Paradigm Language Institute

Using time wisely in the IELTS listening module

Thursday, September 19, 2013

One student asked me this about IELTS (International English Language Testing System):

“I’ve been told I should transfer listening test answers to the answer sheet during the break at the end of each section.

“The reason given was I may not have enough time to transfer them all at the end of the test. Other people have told me to read the next section of the listening test instead. What should I do?” Here’s my reply:

Unfortunately, the advice to transfer answers during the test was wrong.

The listening module has four sections with ten questions each. The test’s recording runs for about 30 minutes, and candidates have time to read the questions and to write down and check answers.

All answers are written on the question paper while candidates listen to the recording.

Listening test breaks

Here’s when there are breaks during the test:

  • Before each section. Candidates have time to look at and understand the questions in each section before the recording for that section starts. They’re also told which questions they should look at (e.g., “First, you have some time to look at questions 21 to 26”).

  • During each section. There’s a short break roughly halfway through each of Sections 1, 2 and 3. Candidates hear an announcement like, “Before you hear the rest of the discussion, you have some time to look at questions 27 to 30.”

The break gives test takers a chance to study the remaining questions in those sections.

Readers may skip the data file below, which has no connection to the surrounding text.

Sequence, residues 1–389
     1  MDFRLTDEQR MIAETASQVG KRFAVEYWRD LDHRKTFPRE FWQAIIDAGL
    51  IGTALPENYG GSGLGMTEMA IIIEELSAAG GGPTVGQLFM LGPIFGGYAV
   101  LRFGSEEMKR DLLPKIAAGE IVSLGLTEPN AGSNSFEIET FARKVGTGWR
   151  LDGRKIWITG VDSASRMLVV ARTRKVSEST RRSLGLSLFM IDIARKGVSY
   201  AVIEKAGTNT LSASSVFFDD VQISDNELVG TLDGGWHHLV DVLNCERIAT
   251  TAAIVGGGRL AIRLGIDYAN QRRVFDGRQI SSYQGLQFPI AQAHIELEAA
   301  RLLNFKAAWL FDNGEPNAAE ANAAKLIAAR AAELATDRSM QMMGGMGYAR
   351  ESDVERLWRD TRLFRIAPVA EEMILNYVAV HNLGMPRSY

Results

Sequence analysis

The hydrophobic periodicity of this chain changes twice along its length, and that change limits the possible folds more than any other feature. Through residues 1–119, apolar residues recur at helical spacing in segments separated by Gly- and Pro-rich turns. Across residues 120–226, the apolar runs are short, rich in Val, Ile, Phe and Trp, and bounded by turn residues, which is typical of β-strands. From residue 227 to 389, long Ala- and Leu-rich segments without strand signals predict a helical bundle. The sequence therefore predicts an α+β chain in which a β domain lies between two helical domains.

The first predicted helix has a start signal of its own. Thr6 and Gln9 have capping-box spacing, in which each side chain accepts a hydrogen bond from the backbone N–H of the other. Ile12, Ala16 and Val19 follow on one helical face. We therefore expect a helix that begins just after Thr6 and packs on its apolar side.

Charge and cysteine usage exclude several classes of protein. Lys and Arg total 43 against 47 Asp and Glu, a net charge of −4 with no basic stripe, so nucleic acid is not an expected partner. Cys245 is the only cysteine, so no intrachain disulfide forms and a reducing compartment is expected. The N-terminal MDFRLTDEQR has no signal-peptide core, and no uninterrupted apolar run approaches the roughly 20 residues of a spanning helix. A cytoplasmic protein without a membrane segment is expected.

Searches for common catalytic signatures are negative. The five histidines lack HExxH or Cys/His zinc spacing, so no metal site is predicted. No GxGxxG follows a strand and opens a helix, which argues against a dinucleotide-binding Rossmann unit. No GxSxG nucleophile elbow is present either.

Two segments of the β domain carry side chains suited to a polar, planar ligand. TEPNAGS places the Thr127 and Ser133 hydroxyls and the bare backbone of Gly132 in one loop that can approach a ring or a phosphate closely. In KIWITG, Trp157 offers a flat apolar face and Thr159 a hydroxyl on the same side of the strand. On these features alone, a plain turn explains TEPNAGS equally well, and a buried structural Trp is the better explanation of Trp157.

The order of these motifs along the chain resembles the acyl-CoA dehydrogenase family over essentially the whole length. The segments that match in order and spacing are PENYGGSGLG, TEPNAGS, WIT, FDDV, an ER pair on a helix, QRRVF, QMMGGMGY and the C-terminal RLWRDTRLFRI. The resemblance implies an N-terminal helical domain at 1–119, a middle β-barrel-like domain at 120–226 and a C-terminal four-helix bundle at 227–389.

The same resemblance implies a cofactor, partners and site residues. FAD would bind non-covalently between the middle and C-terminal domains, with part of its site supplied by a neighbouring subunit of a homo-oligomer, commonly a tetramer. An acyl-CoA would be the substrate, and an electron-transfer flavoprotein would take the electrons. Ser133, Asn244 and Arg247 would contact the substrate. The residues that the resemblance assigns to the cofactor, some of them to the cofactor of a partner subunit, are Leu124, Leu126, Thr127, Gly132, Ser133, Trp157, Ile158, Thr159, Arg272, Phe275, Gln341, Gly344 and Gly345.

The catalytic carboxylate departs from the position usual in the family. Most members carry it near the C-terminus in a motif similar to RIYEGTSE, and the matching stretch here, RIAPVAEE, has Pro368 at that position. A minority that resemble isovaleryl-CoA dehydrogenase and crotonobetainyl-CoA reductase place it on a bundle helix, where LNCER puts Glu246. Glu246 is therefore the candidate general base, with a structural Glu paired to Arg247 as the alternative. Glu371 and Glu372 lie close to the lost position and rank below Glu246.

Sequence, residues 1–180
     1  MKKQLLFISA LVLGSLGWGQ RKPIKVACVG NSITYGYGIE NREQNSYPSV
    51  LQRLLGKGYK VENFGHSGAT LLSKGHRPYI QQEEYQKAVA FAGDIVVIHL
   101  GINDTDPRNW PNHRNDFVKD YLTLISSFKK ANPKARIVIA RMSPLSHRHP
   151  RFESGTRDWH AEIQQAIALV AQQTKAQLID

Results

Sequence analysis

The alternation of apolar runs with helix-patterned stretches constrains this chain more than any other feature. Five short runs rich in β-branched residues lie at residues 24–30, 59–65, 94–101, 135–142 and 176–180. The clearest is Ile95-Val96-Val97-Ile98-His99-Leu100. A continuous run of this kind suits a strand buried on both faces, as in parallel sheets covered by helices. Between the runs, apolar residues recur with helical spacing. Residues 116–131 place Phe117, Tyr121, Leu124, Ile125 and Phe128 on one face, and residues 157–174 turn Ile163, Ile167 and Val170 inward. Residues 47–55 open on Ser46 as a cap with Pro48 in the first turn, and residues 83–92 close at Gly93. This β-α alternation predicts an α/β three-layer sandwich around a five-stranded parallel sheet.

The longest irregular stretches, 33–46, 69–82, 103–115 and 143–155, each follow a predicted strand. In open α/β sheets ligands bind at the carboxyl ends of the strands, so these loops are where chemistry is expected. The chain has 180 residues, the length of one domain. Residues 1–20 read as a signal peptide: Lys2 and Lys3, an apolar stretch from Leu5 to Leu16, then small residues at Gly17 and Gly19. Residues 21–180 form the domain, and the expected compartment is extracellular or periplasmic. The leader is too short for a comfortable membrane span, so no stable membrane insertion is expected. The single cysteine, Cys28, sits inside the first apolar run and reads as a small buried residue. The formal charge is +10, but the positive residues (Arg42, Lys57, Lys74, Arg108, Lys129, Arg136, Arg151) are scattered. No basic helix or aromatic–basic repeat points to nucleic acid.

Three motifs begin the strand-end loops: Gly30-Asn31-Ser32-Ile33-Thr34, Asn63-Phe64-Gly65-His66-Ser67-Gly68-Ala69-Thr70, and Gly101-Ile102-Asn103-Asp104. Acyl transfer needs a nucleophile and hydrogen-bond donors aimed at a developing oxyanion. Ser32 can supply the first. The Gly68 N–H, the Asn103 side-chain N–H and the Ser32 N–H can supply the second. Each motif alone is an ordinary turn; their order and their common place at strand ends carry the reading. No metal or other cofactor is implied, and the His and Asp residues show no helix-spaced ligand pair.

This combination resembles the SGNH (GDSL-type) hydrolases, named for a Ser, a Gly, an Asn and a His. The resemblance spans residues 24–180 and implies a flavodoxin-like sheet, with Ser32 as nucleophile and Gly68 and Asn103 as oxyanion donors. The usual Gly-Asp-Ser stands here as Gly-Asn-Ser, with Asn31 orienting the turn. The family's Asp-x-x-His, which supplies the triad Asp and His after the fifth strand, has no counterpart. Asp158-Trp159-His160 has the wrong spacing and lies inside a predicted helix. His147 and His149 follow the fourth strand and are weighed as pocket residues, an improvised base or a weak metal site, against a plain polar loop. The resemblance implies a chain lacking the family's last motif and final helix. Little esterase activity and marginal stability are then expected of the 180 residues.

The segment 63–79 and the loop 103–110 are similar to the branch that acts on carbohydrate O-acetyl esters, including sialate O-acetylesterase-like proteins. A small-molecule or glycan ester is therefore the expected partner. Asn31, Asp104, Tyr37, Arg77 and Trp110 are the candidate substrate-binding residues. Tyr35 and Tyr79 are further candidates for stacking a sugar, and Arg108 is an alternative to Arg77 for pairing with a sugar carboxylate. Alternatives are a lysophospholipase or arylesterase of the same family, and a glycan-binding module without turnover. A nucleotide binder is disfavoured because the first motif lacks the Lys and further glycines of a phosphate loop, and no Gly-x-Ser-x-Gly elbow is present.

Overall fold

However, Section 4 usually doesn’t have a break.

  • After each section. Candidates are given half a minute to check answers at the end of each section. If they prefer, they can start reading the next section.

When the 30-minute recording ends, candidates are given a further ten minutes to transfer their answers from the question paper onto a separate answer sheet.

Test takers risk losing marks if they try to transfer answers to the answer sheet during the breaks halfway through, or at the end of, each section. As the breaks before, during and after each section are only 20 to 30 seconds, they may easily rush and make careless errors.

For instance, they may write answers in the wrong place on the answer sheet, make spelling errors or use the incorrect form of words.

Also, they aren’t giving themselves the chance to read the questions coming up. They therefore risk adding more pressure on themselves when the recording starts again.

Using breaks wisely

Instead of transferring answers during the listening test, use the breaks wisely. Here are my suggestions:

  • Read the instructions for each set of questions to find the word limit.

Remember, any answer over the word limit will be marked as incorrect (and that’s even if the extra word is “a,” “an” or “the”).

  • Use the information in the questions to predict the situation. Who’ll be speaking? Why? What about?

  • Underline key words. These are the words which help you identify the information you need to listen for. Some examples are in bold in the box that follows to help you understand what a key word is. While the recording is playing later, look at the key words to help you concentrate on what you’re listening for.